President Donald Trump speaks at the International Association of Chiefs of Police Convention Monday, Oct. 28, 2019, in Chicago…
President Donald Trump speaks at the International Association of Chiefs of Police Convention, Oct. 28, 2019, in Chicago.

President Donald Trump, celebrating last weekend's U.S. commando raid against Islamic State leader Abu Bakr al-Baghdadi in Syria, belittled him Monday as "a sick and depraved man and now he's dead."

Trump told police chiefs at a convention in Chicago, “He’s dead, he’s dead as a doornail, and he didn’t die bravely I can tell you that.”

The U.S. leader declared, “He should have been killed years ago, another president should have gotten him.” He claimed that the U.S. now has "tens of thousands of ISIS prisoners under tight supervision.”

President Donald Trump speaks in the Diplomatic Room of the White House, Oct. 27, 2019, in Washington.
IS Leader Dead, Trump Announces
Leader of Islamic State said to have blown himself up during raid led by US special forces

Syria oil fields

Trump also said the U.S. plans to keep oil fields inside Syria worth $45 million a month in revenue, guarded by American troops, even as he has withdrawn most other U.S. forces from northern Syria just south of the Turkish border.

Trump's victory remarks about the raid came as the U.S. Department of Homeland Security said it is operating at a "heightened state of vigilance" following the death of al-Baghdadi, but that there are no plans to issue a National Terrorism Advisory System alert unless "we develop specific or credible threat information" to share with the public.

"Our security posture will remain agile, we will continue to mitigate and respond to the ever-evolving threat landscape," the DHS said in a statement Monday a day after Trump announced that  U.S. military special forces operation in northwest Syria successfully targeted and “violently eliminated" Baghdadi.

baghdadi - raid in northern Syrian village of Ayn al-Bayda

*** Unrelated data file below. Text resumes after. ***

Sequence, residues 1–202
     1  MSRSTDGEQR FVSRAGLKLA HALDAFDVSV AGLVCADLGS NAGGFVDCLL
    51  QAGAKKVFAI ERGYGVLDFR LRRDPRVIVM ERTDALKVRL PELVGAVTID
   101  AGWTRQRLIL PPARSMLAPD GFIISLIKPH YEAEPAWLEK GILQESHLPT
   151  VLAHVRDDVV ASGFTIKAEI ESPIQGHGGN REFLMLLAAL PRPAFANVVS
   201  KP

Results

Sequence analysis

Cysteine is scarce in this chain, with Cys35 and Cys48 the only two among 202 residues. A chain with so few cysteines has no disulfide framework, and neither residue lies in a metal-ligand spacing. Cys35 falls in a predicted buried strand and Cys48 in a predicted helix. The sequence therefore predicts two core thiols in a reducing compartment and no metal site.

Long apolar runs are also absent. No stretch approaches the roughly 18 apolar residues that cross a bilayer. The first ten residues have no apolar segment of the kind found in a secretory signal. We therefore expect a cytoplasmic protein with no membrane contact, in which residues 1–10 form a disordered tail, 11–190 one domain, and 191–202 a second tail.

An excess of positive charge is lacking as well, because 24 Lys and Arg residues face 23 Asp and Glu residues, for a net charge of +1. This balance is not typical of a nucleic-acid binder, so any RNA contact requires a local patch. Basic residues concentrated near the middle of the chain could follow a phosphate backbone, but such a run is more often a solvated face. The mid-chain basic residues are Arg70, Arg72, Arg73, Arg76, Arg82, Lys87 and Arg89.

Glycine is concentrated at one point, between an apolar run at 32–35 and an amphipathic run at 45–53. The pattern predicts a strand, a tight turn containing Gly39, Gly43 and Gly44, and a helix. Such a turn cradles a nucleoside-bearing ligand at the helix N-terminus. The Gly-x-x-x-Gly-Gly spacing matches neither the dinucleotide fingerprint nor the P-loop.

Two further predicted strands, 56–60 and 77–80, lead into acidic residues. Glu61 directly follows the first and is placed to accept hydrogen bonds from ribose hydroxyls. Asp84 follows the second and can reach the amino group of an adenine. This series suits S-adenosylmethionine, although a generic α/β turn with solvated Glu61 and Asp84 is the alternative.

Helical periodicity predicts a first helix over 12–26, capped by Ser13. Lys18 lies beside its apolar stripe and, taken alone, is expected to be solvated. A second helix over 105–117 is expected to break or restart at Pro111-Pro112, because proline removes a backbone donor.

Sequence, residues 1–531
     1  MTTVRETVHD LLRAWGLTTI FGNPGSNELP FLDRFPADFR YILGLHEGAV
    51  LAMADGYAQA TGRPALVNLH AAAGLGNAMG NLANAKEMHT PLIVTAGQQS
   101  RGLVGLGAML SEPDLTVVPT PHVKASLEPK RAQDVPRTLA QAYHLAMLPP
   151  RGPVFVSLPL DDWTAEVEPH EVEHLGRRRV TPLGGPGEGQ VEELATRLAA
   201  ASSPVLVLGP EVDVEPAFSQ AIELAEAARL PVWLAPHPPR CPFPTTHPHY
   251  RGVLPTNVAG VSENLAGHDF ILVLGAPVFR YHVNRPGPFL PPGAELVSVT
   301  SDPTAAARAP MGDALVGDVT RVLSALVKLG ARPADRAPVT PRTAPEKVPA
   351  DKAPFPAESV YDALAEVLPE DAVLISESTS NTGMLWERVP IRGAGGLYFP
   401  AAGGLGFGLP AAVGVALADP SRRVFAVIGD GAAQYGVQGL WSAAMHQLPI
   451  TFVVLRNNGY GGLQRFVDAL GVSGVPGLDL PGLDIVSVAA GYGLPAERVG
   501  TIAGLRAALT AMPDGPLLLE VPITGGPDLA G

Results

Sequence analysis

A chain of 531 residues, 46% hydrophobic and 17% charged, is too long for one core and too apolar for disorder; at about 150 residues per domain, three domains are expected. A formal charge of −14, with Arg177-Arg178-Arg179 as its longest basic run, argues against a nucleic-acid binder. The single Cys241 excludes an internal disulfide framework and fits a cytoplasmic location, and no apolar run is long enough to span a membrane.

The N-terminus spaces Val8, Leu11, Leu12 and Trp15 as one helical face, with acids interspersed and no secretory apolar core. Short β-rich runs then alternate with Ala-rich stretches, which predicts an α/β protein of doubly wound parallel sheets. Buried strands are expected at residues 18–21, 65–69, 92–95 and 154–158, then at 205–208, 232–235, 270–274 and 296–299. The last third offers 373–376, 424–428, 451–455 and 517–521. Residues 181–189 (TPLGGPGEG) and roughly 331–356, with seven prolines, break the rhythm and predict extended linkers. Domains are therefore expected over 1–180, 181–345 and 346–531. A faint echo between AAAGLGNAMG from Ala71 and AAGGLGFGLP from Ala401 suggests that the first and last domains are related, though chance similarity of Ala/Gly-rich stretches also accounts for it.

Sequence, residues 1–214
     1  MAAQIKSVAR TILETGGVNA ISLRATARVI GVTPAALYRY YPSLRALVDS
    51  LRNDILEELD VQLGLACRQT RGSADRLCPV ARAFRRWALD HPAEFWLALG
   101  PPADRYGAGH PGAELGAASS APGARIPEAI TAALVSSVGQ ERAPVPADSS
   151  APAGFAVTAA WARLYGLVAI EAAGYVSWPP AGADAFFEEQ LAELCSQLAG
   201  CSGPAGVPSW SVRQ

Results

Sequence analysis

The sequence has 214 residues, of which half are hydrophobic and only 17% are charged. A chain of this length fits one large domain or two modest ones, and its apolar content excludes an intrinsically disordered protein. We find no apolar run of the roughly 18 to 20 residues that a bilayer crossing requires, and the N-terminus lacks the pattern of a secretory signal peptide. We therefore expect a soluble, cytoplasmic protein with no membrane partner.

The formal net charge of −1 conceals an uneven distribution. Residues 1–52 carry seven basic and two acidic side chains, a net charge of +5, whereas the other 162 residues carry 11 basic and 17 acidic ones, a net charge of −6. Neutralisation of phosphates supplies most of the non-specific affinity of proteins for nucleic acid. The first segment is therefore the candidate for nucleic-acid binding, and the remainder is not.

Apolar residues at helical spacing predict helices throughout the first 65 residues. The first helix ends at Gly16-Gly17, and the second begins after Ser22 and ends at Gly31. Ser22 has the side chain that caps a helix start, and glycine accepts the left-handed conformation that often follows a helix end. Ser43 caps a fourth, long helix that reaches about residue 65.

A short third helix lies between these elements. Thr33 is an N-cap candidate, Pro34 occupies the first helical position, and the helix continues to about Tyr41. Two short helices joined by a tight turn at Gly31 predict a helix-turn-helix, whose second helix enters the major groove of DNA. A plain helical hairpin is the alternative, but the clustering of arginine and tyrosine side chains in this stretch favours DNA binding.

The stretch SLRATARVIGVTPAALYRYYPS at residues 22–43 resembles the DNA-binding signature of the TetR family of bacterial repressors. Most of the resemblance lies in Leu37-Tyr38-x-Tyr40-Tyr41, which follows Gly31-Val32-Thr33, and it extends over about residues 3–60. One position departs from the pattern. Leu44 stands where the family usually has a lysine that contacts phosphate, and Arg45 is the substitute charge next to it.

DHS at 'Heightened State of Vigilance' after Baghdadi Death
Leader of Islamic State said to have blown himself up during raid led by US special forces

“Last night the United States brought the world's number one terrorist leader to justice,” said Trump, speaking from the White House, explaining that the IS leader detonated a suicide vest in a dead-end tunnel, also killing three of his children.

“No (U.S.) personnel were lost in the operation,” according to Trump, but a large number of al-Baghdadi's fighters were killed and others were captured. He said the Islamic State leader, who was hiding in a tunnel tried to flee, “was screaming, crying and whimpering” in his last moments. 

The chief of the Islamic State group, Abu Bakr al-Baghdadi, purportedly appears for the first time in five years in a propaganda video in an undisclosed location, in this undated TV grab taken from video released April 29 by Al-Furqan media.

Buried at sea

A U.S. official confirmed to VOA that Baghdadi has been buried out at sea.

Trump said he is considering releasing parts of the video footage of the raid.  “We’re thinking about it, we may," he told reporters before leaving for the Chicago speech.

The Kurdish-led Syrian Democratic Forces said the Islamic State spokesman and Baghdadi's "right-hand man," Abu Hassan al-Muhajir, was also killed in the U.S. operation, which a senior U.S. State  Department official confirmed.

A U.S. official told VOA the operation was staged from a base in Iraq. Trump said eight helicopters flew slightly over an hour to reach the compound.

There were also “many other ships and planes” supporting a large group of U.S. fighters who “blasted their way in so quickly” and then “all hell broke loose,” Trump said Sunday as he described the raid in detail.

Russia “did not know the mission,” Trump explained, but allowed the U.S. helicopters to fly over areas in Syria it controlled.

Trump also thanked Iraq, Syria and Turkey for unspecified cooperation and expressed appreciation to the Syrian Kurds for providing helpful information.

Initial reports of the IS leader's death were greeted with a degree of skepticism as Baghdadi's demise had previously been erroneously reported several times in recent years.  

Since 2016, the United States had offered a reward of up to $25 million for information to help bring Baghdadi to justice. Only one other person, al-Qaida leader Ayman al-Zawahiri, has a reward that high.